Polypoidal choroidal vasculopathy (PCV), characterized by inner choroidal vascular networks ending in polypoidal lesions , is now clinically classified as a specific type of AMD . PCV is particularly prevalent in Asian populations, accounting for 54.7% of patients with the neovascular form of AMD in the Japanese population  and 24.5% in the Chinese population , but only 8% to 13% in Caucasians . PCV shares many similarities with neovascular AMD, including demography , pathology [23,24], and manifestation ; however, important differences have been noted in histopathology , clinical behavior , and response to therapy [18,26]. These similarities and differences have been a subject of much interest and debate regarding whether the vascular abnormality in PCV represents neovascularization or a phenotype distinct from CNV [23-25,27].
We have previously shown that the ARMS2 A69S variant is strongly associated with neovascular AMD and PCV, with a stronger association in neovascular AMD than in PCV ; however, the difference was not statistically significant, probably owing to a limitation in statistical power. Subsequent A69S association studies have consistently reported a trend toward stronger evidence for association in neovascular AMD than in PCV [29-31]. Interestingly, a significant difference in genetic susceptibility between geographic atrophy and neovascular AMD has been repeatedly observed at this locus [17,32]. Sub-phenotype associations are currently being actively researched in complex diseases, such as inflammatory bowel disease , rheumatoid arthritis , and various cancers [35-37]. Genotype–phenotype correlations between risk alleles and disease subtypes may provide an insight into the underlying etiologic pathways of complex diseases.
To date, some meta-analyses have been published regarding the association between AMD and the ARMS2/HTRA1 region [38-40], but none of these studies focused on PCV. Here we conducted a comparative genetic analysis of neovascular AMD and PCV in our original sample set of Japanese ancestry, genotyping the ARMS2 A69S variant in 181 subjects with neovascular AMD, 198 subjects with PCV, and 203 controls. Results were then integrated into a meta-analysis of previous studies representing an assessment of the association between the ARMS2 A69S variant and neovascular AMD and/or PCV, comprising a total of 3,828 subjects of Asian descent, to more reliably compare the genetic effect of ARMS2 A69S between neovascular AMD and PCV.
The study protocol was approved by the Institutional Review Board at Kobe University Graduate School of Medicine and performed in accordance with the Declaration of Helsinki. Written informed consent was obtained from all subjects before participation in this study. All cases and controls included in our original sample set were Japanese individuals recruited from the Department of Ophthalmology at Kobe University Hospital in Kobe, Japan. This cohort is an extension of one previously published for an association with the ARMS2 A69S variant . A portion of the subjects in the present study had participated in our previous studies in which phenotyping criteria were fully described [28,41,42]. In brief, all our subjects with neovascular AMD and PCV underwent a comprehensive ophthalmic examination including indocyanine green angiography, and were defined as having angiographically well defined lesions of CNV or PCV. The controls were not related to the cases and were defined as individuals without macular degeneration and changes such as drusen or pigment abnormalities, and were thus categorized as having clinical age-related maculopathy staging system stage 1 . The demographic details of the study subjects are listed in Table 1.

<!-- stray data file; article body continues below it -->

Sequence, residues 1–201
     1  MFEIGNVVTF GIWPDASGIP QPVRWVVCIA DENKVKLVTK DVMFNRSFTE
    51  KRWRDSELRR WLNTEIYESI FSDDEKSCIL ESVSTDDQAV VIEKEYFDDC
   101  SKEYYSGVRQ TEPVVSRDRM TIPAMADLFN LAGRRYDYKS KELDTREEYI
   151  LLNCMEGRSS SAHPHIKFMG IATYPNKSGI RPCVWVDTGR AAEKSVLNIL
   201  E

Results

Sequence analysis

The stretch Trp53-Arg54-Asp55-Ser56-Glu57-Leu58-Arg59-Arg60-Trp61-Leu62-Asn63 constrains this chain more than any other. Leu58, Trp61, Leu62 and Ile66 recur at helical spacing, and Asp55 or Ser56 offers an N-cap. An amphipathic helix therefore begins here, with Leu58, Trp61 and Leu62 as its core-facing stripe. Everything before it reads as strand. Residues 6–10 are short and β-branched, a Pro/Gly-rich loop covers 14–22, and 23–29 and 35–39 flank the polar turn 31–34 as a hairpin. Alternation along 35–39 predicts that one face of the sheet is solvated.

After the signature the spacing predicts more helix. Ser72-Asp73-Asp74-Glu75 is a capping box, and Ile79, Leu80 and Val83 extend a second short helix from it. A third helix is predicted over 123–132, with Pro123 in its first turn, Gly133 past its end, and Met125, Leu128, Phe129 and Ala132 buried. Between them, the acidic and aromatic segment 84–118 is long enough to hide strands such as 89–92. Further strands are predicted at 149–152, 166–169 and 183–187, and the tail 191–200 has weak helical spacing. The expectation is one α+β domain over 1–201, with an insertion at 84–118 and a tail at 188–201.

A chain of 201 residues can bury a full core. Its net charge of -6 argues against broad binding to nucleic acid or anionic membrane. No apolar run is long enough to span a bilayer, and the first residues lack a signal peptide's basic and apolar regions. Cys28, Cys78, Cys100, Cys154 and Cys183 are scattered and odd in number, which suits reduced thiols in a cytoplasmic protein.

Genomic DNA was extracted from peripheral blood using a standard methodology. Genotyping was performed using a pre-developed TaqMan SNP Genotyping Assay (Assay ID: C_29934973_20; Applied Biosystems, Foster City, CA) on a StepOnePlus™ Real-Time PCR System (Applied Biosystems) in accordance with the manufacturer’s recommendations.
Allelic associations were evaluated for the ARMS2 A69S variant with chi-square tests on 2 × 2 contingency tables using the software package PLINK v1.07. Deviations from the Hardy–Weinberg equilibrium (HWE) were tested using the exact test  implemented in PLINK. The odds ratio (OR) and corresponding 95% confidence interval (CI) were calculated relative to the major allele. Genotype-specific ORs were estimated for the heterozygous (GT) and risk homozygous (TT) genotypes, with the common homozygous (GG) genotype the baseline category with unconditional logistic regression using the JMP software (version 6.0.3; SAS Institute, Cary, NC). To test for heterogeneity between ORs for neovascular AMD and PCV, we conducted a logistic regression analysis of the cases (case-only analysis) using R project, where the subtypes were used as the outcome and the A69S genotype as the explanatory variable .